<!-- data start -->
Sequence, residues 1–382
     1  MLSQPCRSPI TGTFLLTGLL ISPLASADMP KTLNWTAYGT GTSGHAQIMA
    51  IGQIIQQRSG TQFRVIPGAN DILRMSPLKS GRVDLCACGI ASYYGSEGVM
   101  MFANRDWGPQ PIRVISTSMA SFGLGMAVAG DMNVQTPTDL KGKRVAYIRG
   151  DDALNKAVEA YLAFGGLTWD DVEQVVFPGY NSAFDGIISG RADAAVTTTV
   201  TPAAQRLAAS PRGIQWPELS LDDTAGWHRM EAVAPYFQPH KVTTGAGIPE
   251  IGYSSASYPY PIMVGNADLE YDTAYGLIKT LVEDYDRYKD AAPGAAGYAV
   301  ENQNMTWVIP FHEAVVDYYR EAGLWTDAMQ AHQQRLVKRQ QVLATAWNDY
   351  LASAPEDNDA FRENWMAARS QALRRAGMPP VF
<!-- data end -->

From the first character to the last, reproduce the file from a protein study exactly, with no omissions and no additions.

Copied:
Sequence, residues 1–382
     1  MLSQPCRSPI TGTFLLTGLL ISPLASADMP KTLNWTAYGT GTSGHAQIMA
    51  IGQIIQQRSG TQFRVIPGAN DILRMSPLKS GRVDLCACGI ASYYGSEGVM
   101  MFANRDWGPQ PIRVISTSMA SFGLGMAVAG DMNVQTPTDL KGKRVAYIRG
   151  DDALNKAVEA YLAFGGLTWD DVEQVVFPGY NSAFDGIISG RADAAVTTTV
   201  TPAAQRLAAS PRGIQWPELS LDDTAGWHRM EAVAPYFQPH KVTTGAGIPE
   251  IGYSSASYPY PIMVGNADLE YDTAYGLIKT LVEDYDRYKD AAPGAAGYAV
   301  ENQNMTWVIP FHEAVVDYYR EAGLWTDAMQ AHQQRLVKRQ QVLATAWNDY
   351  LASAPEDNDA FRENWMAARS QALRRAGMPP VF